If you’re viewing this you’re most likely interested in developing your first box for Vulnhub.
For those that are unaware of what Vulnhub is: Basically a website for individuals to upload vulnerable virtual machines (VMs) for others to perform assessments against to hone their skills.
You can find it at Vulnhub.
There are a few things you should consider before starting the development of your vulnerable box. Think of this like coding. We “pseudocode” our box with the target audience, intended user paths or footholds, intended privilege escalation paths, and finally if you wish to include any rabbit holes. Once we have all of the aforementioned pseudocode down on paper or whichever application for notes, we can start to develop the box.
You’ll first want to have some kind of hypervisor. I would recommend Oracle Virtualbox since it’s free. It appears VMWare Player, which was free is now VMWare Workstation Player. There is a free version for non-enterprise users which is what we are.
If you have VMWare Workstation Pro, ESXi, or Hyper-V they should work also. I won’t be covering a full VM creation as it’s fairly straight forward. I will only provide some concepts that will be useful for when the VM has already been created.
For our box, we need to determine how difficult we are going to make this box. If we want to target a person that’s never done a penetration test before or wants to break into the field we may want to include plenty of hints and tips. We may also want to consider making things extremely easy for them in terms of exploits or ways to get in.
If we would like to target someone that has some experience but might be lacking some necessary skills, we can have less hints and maybe work on the fundamentals. Maybe, just maybe even throw a rabbit hole in their face.
Then there are the more advanced users. You can provide absolutely no hints, riddle your box with rabbit holes, or just make the intended pathes a giant pain to do.
In the end whichever demographic of users you intend to target will basically lay out the other steps of the box.
This is the part where determine how the person whose downloaded our box is going to break into it to get their shell access.
There are a number of different pathes you can utilize as the creator. The most common is having some form of web app that has a vulnerable aspect to it.
Just a few examples:
- Web application with default credentials. The web application then has some form of upload or editing of files
- A Local File Inclusion (LFI) or Remote File Inclusion (RFI)
- Weak NFS permissions (NFS path has write access)
- Private SSH Key stored somewhere by accident
- SQL Injection
You get the idea. There are tons of ways you can go about this.
Intended Privilege Escalation
This is the part where you determine how the user is going to get root on your box to print out your root.txt file or whatever you call your flag file.
Similar to the intended foothold, the skies the limit on methods of privilege escalation. If you need some ideas feel free to check out the right side of this image:
These are intended to be red heirings. They are to steer the attacker of your box down the wrong path so they spend minutes, hours, or even some days banging their head to get shell access or root.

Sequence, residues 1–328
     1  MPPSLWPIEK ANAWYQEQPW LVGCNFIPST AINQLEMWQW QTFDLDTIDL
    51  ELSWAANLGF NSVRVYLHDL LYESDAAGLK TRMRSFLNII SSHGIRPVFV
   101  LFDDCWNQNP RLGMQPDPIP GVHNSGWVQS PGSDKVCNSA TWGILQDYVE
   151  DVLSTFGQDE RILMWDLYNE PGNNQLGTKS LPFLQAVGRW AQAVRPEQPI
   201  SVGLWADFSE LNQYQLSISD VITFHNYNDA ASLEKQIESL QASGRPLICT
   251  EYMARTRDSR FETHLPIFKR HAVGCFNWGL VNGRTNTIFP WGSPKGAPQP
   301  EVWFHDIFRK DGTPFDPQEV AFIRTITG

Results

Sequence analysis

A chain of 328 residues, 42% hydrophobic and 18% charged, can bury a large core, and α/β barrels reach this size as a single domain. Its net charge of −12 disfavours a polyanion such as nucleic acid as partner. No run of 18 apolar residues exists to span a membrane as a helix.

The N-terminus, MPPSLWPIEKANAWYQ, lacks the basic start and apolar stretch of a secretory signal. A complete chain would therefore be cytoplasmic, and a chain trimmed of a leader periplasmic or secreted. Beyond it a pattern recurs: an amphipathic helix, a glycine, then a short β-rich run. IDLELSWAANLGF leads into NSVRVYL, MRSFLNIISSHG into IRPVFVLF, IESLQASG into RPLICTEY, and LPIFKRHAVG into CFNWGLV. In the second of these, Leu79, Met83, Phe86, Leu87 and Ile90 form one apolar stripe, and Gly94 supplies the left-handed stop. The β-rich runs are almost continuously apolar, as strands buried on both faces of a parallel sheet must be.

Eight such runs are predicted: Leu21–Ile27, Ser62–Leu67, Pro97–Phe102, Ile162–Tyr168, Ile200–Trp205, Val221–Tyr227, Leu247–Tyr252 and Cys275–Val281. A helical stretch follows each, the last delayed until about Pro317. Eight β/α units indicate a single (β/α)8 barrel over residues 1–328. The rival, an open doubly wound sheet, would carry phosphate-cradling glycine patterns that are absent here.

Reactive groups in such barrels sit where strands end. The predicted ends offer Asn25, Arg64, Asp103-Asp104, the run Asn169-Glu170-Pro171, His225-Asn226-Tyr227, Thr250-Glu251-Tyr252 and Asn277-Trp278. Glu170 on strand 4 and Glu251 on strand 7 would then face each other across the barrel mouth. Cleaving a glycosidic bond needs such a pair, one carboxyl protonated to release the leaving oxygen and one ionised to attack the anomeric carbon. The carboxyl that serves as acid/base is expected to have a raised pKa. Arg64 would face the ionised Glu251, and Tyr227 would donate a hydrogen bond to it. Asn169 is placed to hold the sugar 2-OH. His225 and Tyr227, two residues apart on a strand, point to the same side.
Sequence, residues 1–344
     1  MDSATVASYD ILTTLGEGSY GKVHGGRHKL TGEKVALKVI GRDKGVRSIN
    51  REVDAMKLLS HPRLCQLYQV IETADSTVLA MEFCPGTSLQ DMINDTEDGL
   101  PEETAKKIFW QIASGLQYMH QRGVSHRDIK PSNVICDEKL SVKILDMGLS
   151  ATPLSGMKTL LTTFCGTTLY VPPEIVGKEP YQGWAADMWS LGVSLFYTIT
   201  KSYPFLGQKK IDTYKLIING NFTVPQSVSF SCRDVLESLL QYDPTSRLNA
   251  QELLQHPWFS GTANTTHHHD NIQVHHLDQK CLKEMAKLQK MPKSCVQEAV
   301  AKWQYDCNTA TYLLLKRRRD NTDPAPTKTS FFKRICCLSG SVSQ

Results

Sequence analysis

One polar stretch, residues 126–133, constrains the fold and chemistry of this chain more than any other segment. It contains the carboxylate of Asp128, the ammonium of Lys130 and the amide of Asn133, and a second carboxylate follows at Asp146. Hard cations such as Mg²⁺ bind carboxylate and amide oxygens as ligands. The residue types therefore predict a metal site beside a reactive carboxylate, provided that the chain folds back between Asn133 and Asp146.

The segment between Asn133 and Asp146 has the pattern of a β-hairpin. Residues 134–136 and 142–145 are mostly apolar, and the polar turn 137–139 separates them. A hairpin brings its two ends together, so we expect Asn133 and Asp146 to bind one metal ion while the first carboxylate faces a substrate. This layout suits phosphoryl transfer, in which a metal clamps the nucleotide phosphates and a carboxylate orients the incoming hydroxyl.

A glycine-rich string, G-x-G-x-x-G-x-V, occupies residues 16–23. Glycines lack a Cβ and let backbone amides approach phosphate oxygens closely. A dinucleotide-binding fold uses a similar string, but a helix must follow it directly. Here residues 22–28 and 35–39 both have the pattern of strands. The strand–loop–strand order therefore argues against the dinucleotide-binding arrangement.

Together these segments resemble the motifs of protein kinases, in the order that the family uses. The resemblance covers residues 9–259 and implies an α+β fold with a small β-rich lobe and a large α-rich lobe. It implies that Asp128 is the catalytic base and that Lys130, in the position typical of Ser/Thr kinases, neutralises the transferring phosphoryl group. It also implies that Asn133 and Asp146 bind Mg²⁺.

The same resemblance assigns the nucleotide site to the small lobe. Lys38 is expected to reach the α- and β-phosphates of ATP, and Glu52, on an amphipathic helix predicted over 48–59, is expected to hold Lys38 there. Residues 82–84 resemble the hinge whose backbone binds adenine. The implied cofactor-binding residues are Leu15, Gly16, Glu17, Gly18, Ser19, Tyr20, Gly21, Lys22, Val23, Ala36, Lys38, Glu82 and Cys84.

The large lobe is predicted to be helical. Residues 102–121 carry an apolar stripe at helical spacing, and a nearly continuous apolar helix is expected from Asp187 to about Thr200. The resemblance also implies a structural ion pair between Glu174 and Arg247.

Depending on your target audience, you can either fill this sucker up with them or have none at all. Again you are the creator.
Building the Box
For this section, I will only be providing general concepts and things you should consider doing for your box once it’s booted up.
You should try to give the VM as little resources as required. Basically, give the VM enough resources to perform the tasks it needs.
There is no need to give a VM hosting a website 16GB of RAM and 8 cores.
Start with the least amount of resources and if necessary increase them until the VM is working optimally.
As for the hard disk size, see what the recommended size is and give it +1 GB more just for good measures.
Pick your flavor of Linux OS whether it be CentOS, Ubuntu, Arch, etc. This is what your targets will be attacking. You can pick an old kernel version / old OS version if you wish. I prefer to use the latest and greatest to limit the unintended privilege escalation methods.
When creating a box there are two preferred network connection types to use in VMWare, Virtualbox, etc. These two preferred network types are: Internal and Host-Only.
Internal: Allows two VMs to communicate with one another. The host and internet will not be able to reach the VMs.
Host-Only: Allows the host to communicate with the VM and the VM to communicate with other VMs. This is the preferred network setting type incase you need to use the host for troubleshooting.
See the below graphic for a better breakdown and understanding of the different network setting types.
Creating Intended Foothold & Privilege Escalation
Once you’ve got the OS setup & networking setup, this is the part where you would start to deploy the intended paths for initial foothold and privilege escalation.
Since I am only covering concepts, just take the pseudocode from before and actually put it into action. Maybe make things more difficult for the user by removing access to commands like wget. Totally up to you on what you wish to do with the box!.
In closing, when creating a box for Vulnhub, consider your intended audience and tailor the box towards them. This will hopefully provide the most optimal experience for those of your intended audience.